This Charity Wants You to Become an 'Emotional Support Human,' Provides Training to Create Safe Spaces

A Maryland-based philanthropy group is encouraging people to become "emotional support humans" in order to help friends and family with mental health conditions.

A play on "emotional support dogs," Horizon Foundation coined the phrase, in part, to be funny. Interested parties who visit the website,, are greeted by lighthearted cartoons and instructions for getting started, as well as a handy definition for the concept.

"Emotional Support Human: noun," the site description reads. "An individual of the human (homo sapien) species who is committed to helping other people dealing with emotional and mental health challenges... formal training is not required."

It's also supposed to reduce the sense of hesitation some feel when their loved ones struggle with depression or anxiety. Instead of holding back for fear of saying the wrong things, confused but well-intentioned allies can support people during hard times⁠—if only with a little training, according to Horizon's Chief Executive Officer Nikki Highsmith, who penned a letter to Health Affairs about the program.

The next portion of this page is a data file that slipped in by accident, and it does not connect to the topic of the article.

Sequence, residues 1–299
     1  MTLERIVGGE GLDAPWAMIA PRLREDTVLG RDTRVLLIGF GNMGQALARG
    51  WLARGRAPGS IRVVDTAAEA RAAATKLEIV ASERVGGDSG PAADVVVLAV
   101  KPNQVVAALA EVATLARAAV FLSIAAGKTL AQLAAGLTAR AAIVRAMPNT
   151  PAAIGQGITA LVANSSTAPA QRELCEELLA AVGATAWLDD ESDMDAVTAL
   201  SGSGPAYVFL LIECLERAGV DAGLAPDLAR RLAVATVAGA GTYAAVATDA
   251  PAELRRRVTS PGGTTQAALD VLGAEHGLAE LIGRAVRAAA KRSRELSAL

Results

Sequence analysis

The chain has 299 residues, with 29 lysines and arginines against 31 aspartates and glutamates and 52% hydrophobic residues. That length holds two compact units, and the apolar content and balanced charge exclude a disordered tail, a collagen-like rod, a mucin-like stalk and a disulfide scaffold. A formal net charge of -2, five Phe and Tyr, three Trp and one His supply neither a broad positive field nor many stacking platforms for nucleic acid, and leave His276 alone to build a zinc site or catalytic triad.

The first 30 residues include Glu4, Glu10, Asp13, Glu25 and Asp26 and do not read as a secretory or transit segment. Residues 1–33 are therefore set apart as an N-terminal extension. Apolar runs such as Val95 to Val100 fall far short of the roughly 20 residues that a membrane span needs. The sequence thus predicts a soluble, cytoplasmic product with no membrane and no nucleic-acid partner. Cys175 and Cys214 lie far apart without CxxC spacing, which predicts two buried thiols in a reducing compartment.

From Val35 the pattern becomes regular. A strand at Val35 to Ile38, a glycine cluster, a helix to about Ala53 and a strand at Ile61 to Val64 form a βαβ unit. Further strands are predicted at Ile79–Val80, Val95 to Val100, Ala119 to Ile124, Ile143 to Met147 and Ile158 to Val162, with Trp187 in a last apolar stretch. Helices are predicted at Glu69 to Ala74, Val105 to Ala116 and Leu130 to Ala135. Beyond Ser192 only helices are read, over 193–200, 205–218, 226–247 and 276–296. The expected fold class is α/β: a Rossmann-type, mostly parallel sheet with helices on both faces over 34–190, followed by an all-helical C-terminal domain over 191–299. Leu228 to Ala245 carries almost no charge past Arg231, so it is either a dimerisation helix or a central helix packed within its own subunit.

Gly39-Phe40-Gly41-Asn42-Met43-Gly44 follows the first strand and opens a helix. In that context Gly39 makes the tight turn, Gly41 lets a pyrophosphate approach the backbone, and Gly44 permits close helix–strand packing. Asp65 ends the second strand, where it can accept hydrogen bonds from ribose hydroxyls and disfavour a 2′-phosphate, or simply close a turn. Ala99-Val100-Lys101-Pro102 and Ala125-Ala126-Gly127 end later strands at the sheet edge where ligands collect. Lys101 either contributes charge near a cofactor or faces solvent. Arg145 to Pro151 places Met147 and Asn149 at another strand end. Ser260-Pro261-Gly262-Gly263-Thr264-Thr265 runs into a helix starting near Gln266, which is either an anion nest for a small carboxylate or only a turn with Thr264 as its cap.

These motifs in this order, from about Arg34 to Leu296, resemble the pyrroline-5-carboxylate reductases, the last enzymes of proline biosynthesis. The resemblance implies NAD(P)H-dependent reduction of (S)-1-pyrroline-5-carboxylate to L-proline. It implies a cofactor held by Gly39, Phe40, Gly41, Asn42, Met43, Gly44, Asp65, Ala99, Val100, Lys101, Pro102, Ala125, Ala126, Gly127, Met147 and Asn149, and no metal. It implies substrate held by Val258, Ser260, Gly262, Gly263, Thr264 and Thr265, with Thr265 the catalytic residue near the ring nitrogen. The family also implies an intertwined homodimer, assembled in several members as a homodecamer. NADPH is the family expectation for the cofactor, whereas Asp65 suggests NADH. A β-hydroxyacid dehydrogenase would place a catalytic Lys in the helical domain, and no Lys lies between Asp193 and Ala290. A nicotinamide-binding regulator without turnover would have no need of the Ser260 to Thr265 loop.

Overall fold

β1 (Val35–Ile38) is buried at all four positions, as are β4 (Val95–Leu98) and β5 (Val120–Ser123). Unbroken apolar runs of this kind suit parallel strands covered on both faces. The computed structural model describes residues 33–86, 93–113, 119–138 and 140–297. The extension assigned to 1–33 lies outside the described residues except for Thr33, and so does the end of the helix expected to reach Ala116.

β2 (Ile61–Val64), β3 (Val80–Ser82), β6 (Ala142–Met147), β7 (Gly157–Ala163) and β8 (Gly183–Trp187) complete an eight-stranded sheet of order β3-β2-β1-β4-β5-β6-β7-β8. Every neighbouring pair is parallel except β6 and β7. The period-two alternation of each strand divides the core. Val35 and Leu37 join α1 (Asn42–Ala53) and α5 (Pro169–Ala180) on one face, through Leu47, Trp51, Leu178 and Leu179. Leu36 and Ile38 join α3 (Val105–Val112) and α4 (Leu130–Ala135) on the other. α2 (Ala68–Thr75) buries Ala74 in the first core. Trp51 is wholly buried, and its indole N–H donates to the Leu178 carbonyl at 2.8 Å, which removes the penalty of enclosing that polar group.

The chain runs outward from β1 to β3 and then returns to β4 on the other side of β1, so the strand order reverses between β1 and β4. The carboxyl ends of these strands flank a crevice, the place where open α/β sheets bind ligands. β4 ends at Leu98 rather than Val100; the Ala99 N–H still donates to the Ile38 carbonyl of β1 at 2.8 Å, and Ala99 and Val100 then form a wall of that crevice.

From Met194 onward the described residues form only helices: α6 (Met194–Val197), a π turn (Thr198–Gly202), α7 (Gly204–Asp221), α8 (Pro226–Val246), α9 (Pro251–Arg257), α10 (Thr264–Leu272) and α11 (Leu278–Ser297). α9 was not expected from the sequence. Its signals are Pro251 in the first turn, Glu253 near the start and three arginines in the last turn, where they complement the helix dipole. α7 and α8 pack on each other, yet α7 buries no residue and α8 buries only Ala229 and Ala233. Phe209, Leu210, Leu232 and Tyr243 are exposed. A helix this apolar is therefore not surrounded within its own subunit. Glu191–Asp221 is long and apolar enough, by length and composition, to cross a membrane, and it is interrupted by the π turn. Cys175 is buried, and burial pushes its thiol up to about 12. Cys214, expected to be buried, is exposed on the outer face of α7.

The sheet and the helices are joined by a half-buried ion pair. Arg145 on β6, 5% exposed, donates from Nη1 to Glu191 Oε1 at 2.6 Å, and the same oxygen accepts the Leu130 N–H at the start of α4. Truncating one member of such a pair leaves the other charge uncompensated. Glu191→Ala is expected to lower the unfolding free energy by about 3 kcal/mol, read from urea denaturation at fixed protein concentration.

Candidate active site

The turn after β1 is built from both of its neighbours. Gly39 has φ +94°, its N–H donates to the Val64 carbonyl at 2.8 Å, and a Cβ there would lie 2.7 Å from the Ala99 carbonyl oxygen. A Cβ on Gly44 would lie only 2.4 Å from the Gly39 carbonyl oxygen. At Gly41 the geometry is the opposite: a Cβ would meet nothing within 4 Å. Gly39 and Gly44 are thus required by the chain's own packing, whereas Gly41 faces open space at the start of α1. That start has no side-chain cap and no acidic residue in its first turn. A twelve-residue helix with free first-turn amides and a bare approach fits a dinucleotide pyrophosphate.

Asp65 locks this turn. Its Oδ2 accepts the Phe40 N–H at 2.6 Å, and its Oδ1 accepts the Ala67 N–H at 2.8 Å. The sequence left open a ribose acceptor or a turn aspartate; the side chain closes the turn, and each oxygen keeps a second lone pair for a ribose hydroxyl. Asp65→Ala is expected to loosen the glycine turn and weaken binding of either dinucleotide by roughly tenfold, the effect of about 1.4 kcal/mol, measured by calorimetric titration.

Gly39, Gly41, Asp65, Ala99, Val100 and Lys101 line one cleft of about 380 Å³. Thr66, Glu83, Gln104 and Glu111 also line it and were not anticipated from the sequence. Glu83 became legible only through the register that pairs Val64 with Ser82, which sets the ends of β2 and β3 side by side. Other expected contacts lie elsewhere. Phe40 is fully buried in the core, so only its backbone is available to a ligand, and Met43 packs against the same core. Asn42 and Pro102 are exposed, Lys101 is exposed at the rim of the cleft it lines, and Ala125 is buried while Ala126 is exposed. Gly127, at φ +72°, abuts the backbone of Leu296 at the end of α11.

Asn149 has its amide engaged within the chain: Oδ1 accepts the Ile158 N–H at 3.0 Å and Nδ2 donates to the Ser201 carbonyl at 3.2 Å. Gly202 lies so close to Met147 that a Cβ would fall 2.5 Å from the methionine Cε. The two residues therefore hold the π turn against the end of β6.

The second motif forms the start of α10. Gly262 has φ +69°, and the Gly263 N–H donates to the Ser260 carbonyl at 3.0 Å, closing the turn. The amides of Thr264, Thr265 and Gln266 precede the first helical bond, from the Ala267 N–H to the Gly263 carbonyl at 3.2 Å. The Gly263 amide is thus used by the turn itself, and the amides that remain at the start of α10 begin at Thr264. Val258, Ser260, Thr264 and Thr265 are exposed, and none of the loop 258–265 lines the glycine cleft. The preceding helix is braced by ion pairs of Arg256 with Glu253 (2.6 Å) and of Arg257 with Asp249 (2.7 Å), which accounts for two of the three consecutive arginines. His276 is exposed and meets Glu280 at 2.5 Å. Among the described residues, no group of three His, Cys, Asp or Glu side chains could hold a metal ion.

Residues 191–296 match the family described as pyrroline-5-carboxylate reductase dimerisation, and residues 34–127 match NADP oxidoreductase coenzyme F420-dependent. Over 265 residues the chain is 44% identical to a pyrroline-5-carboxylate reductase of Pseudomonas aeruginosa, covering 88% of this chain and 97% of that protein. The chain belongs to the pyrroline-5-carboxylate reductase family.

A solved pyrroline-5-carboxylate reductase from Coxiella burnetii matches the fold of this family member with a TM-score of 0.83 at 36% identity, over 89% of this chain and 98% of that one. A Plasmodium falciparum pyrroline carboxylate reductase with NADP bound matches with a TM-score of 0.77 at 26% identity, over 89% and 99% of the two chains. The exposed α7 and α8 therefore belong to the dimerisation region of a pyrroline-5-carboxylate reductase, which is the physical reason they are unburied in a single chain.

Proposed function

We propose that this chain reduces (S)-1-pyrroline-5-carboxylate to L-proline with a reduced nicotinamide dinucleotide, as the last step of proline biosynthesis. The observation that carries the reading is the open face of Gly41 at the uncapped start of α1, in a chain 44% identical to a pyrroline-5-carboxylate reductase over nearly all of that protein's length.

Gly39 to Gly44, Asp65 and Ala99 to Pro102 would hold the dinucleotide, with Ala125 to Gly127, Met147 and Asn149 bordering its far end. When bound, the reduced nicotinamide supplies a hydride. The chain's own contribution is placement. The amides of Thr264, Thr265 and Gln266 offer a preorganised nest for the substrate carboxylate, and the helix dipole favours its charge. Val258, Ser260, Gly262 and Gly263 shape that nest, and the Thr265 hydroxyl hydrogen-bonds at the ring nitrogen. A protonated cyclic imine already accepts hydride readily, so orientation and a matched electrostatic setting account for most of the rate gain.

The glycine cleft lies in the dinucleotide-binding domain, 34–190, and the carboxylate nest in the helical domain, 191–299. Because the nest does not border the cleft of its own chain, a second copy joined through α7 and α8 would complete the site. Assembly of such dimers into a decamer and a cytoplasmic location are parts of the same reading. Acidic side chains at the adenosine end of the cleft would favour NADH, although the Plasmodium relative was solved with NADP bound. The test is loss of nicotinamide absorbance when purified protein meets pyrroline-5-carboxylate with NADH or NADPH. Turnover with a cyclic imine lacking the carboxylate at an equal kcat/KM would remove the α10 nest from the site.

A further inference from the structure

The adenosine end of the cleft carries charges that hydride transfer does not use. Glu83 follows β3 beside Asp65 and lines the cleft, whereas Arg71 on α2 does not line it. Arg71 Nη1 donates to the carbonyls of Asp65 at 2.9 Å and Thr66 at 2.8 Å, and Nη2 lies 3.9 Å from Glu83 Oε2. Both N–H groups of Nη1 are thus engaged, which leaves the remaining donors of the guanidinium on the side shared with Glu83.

People Sign 'Emotional Support Humans' Pledge
An Italian sighthound licks an owner during a dog exhibition in Bishkek on October 5, 2019. Vyacheslav Oseledko/AFP/Getty Images

Between digital advertisements, Facebook and Instagram posts and features in local publications, Horizon said its "support human" materials have been viewed more than 4 million times. Meanwhile, the charity is funding thirty-eight PTAs, faith groups and other community-based organizations to help promote the messaging, according to Highsmith.

Some may find the advice in the package—"The only guaranteed way to let them know you care is to tell them"—a little intuitive. But certain sections outline protocols in more detail, like how to use "feeling words," create a "safe space," and let the person in question "set the pace" for the talk.

Tips include asking people how their therapy is going, in cases where they've already disclosed that they attend. The site also encourages Support Humans to use "exploratory" questions that encourage details, as opposed to drilling folks with back-to-back questions. Such talks shouldn't be initiated while either party is looking at their phone or heading out the door, according to Horizon. Until they're feeling better, Emotional Support Humans can also offer help with everyday tasks like groceries or taking pets for walks.

Introverts may appreciate this tip in particular. "Even if they don't always feel up to coming, include them in your plans and give them the opportunity to join in," reads a section of the Horizon website.

A few Twitter users appear to be on board with the pledge.

"I am committed to being an #emotionalsupporthuman," wrote Lisa Carlson, president-elect of the American Public Health Association. "Mental health is public health," the post continued.